While Malaysians and Singaporeans alike were excited to hear about the billion ringgit Kuala Lumpur-Singapore High Speed Rail (HSR) in the beginning, they may not have to look forward to a direct route to and from anytime soon as the project has been ultimately scrapped a few days back.
Citing that both nations being unable to reach an agreement on several changes proposed by the Malaysian government, Prime Minister Muhyiddin Yassin and Singaporean Prime Minister Lee Hsien Loong broke the news in a joint statement on December 31st last year.
“In light of the impact of the Covid-19 pandemic on the Malaysian economy, the government of Malaysia had proposed several changes to the HSR project. Both governments had conducted several discussions with regard to these changes and had not been able to reach an agreement. Therefore, the HSR agreement lapsed on Dec 31, 2020.
“Both countries will abide by their respective obligations, and will now proceed with the necessary actions resulting from the termination of the HSR agreement,” said the statement, released in the morning of January 1st.
The termination was also confirmed by The Edge who called it in their article as “Malaysia to go it alone with HSR project, pay RM300m compensation to Singapore — source”.
Due to contract regulations, it is also understood that Malaysia is to compensate 300 million ringgit in result of the termination. Proposed back in 2010, the change of government in 2018 and COVID-19 pandemic had also put the project on halt at one time and went pretty stale after that.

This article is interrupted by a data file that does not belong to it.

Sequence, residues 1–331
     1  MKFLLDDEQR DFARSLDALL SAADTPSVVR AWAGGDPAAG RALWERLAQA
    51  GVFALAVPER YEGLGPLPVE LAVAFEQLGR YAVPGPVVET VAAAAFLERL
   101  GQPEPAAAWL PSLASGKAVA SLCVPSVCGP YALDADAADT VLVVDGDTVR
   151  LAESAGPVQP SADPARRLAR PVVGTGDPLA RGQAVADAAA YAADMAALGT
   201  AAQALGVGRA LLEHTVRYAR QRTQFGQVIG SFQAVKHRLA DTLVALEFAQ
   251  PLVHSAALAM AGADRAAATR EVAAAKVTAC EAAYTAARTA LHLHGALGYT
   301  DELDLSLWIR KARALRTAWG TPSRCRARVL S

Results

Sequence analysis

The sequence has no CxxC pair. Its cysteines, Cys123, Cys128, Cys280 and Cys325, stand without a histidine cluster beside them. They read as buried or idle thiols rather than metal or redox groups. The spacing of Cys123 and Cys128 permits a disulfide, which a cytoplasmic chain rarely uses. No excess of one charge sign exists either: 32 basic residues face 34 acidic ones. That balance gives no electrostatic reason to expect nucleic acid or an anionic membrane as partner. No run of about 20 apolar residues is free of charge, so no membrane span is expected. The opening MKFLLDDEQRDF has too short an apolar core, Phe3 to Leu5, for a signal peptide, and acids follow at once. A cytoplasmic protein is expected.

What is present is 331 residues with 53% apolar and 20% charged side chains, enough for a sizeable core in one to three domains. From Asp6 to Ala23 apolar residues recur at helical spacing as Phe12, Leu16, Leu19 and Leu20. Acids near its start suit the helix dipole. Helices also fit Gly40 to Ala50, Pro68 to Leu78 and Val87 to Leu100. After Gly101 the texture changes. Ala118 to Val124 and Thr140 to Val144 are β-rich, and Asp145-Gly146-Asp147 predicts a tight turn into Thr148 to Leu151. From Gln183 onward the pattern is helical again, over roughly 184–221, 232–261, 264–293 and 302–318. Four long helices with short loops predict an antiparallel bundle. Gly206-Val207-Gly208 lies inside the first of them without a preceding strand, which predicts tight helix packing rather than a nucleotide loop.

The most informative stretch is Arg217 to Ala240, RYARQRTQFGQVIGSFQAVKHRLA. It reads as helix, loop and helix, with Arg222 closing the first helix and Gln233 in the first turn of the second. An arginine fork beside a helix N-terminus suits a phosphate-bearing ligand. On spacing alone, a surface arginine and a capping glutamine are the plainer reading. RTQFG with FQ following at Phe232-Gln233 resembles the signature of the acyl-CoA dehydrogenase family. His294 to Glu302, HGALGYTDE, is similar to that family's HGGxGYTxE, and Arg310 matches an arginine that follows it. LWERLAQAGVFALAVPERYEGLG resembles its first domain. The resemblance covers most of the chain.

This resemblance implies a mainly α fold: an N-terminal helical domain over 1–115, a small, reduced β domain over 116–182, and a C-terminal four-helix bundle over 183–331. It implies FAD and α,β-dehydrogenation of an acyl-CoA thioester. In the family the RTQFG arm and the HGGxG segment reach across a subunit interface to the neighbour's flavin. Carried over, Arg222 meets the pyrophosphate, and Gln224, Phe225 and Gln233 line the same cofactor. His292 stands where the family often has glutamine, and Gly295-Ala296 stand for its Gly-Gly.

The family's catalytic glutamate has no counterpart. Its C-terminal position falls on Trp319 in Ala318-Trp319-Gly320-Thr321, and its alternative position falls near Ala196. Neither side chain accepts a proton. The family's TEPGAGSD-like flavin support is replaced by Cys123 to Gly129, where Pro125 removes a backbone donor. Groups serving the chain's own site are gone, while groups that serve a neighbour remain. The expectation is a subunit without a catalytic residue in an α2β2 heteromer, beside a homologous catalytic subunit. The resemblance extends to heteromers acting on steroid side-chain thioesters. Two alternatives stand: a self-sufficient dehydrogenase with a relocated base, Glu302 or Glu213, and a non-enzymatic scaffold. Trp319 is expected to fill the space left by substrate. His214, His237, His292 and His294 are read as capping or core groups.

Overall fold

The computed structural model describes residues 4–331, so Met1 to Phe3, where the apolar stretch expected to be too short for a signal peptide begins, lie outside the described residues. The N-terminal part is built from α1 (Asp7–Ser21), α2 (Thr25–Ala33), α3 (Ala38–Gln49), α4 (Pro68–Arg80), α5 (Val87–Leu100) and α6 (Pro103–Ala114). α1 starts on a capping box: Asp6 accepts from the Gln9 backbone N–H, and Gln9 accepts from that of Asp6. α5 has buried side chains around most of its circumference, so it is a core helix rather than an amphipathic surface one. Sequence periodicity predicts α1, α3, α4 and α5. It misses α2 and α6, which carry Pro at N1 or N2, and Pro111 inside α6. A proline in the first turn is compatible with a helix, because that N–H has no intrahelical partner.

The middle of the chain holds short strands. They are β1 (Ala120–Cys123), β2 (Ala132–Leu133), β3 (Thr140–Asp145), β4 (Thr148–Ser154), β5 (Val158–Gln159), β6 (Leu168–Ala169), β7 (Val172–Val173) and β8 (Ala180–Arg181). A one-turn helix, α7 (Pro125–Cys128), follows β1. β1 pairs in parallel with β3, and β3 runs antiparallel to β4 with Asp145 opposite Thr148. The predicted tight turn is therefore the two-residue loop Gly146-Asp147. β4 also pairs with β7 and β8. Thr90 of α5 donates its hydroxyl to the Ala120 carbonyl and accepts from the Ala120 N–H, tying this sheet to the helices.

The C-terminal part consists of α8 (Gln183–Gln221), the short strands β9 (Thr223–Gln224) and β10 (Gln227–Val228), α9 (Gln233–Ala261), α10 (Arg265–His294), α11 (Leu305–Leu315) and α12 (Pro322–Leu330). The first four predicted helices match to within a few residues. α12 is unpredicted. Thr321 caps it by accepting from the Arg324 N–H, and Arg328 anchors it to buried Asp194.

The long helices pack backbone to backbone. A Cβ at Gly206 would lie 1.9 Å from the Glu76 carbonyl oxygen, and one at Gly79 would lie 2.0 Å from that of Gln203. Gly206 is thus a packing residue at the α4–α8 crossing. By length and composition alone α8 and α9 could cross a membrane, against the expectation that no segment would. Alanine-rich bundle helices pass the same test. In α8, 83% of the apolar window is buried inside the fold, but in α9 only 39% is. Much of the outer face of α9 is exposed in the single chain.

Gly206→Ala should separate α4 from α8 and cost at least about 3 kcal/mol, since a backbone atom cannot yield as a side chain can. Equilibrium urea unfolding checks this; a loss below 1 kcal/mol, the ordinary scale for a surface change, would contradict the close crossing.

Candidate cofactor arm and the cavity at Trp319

Changes proposed by the Malaysian government was to change the alignment to link HSR to KLIA and it didn’t sit well with our counterparts; ultimately, minister in the Prime Minister’s Department (Economy) Mustapa Mohamed took to Facebook to further explain the cause of termination and reasoning behind it.
“Other changes proposed by Malaysia include that the HSR be connected and integrated with the available transportation network in the country,” he said in a lengthily post.
“The proposed new structure could also help the country avoid committing RM60 billion for 30 years, apart from providing the government with flexibility in terms of funding for the HSR project.
“In addition, the government also proposed several other changes, including to the design of the rail stations, which would help reduce almost 30 per cent in expenses for the project,” he added.
“Our Prime Minister (Tan Sri Muhyiddin Yassin) also had a video conference with his Singaporean counterpart (Lee Hsien Loong) on Dec 2 last year. However, we failed to reach an agreement (over the proposed changes to the HSR project).
“As an individual who was directly involved in the discussions for the project over the past six months, (I can tell you that) we had done our best for the interest of the country,”.
Sources say that Malaysia is to switch their focus towards undertaking the project with a new alignment stretching from Kuala Lumpur to Johor Baru instead of joining both the Southeast Asian capitals and offering another alternative to one of the busiest flight roads in the world.